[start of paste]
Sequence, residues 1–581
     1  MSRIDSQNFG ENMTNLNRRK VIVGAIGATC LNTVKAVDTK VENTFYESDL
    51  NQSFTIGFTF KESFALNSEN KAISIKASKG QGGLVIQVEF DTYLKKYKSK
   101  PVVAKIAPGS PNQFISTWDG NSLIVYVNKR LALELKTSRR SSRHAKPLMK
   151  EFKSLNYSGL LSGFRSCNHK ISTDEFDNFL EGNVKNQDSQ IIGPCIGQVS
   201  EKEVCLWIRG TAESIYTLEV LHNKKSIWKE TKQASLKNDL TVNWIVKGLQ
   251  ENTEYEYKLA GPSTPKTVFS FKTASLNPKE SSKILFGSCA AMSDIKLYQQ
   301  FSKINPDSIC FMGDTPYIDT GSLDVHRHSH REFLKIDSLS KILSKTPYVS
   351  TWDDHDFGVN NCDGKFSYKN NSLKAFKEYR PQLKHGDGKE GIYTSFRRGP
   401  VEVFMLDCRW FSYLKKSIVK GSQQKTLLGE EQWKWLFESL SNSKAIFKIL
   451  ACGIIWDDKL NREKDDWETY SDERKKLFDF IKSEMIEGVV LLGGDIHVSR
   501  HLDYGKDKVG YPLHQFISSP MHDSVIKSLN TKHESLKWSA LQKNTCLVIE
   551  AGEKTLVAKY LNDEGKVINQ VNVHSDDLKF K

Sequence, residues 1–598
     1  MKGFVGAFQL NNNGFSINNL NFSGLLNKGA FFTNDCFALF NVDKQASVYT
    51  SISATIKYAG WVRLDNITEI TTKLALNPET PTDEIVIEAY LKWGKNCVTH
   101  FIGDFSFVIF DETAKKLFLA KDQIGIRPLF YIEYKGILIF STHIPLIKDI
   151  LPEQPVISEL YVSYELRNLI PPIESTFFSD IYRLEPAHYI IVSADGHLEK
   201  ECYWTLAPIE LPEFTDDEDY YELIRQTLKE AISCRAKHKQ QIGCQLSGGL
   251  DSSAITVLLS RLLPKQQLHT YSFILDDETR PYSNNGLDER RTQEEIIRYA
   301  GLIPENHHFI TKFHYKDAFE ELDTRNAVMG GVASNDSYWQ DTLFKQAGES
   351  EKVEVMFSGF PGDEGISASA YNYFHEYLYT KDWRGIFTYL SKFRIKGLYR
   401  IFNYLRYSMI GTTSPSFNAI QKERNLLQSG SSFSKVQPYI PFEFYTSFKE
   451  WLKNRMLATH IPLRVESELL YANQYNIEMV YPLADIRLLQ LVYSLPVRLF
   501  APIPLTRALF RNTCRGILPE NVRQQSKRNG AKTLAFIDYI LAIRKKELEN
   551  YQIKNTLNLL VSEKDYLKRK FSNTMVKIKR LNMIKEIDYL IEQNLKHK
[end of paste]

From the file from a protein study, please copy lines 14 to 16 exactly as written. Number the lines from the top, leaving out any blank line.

Sequence, residues 1–598
     1  MKGFVGAFQL NNNGFSINNL NFSGLLNKGA FFTNDCFALF NVDKQASVYT
    51  SISATIKYAG WVRLDNITEI TTKLALNPET PTDEIVIEAY LKWGKNCVTH